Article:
There seems to be no point, this week, to offer up talking points to Democratic politicians to use over the coming week, because for any of the contentious issues out there it is looking more and more like the party leaders are going to decide what even gets attempted for the rest of the year. The Republicans currently would like this to be "extend all tax cuts, forever, and then go home." They may get their way. Meaning, on the issues, it may not even matter what anyone has to say about them -- their fate may be a predetermined and whimpering death.

Instead, I am in a ranting mood. So here goes...


My "End Of The 111th Congress" Rant

We are fast approaching the end of the One-Hundred-and-Eleventh Congress. The old "triple-one" is about to enter the history books, in other words. In the past two years, there were some good times, and some bad. But, towards the end, things got particularly unproductive.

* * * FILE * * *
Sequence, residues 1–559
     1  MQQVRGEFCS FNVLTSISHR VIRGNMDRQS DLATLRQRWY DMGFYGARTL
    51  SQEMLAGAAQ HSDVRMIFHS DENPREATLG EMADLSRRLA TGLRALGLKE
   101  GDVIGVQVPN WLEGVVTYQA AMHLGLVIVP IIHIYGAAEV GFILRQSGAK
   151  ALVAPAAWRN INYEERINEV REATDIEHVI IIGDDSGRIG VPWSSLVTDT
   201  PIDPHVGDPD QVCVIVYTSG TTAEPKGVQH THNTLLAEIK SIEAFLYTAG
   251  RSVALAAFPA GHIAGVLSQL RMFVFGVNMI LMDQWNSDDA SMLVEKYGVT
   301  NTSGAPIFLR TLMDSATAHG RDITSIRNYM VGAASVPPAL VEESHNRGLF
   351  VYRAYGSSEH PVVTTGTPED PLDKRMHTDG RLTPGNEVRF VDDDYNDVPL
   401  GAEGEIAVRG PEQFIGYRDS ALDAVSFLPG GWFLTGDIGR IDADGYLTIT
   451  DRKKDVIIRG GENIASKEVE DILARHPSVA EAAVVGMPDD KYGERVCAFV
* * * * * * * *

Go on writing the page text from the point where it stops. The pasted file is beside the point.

Democrats took Congress four years ago with such promise. They promised all sorts of things back then. Congress was going to start working hard, and accomplishing the People's Business. Corrupt practices were going to end. But since then, Democrats have slipped back to the same old way of doing things (or, more accurately, not doing things).

Case in point -- vacation time. When Democrats took over, you promised to end the two-day work week (from noon Tuesday to noon Thursday), and to devote more time to actually doing the job voters elected you to do. This was nibbled away over time until you wind up taking almost as many days off as the Republicans you replaced.

When you're on recurring weeks-long vacations, you are not working. It is not a "district work period," I'm sorry. It is a vacation. The more of these you take, the less time you have to do your job. This is an equation everyone understands out here in the real world. You have forgotten this lesson, apparently.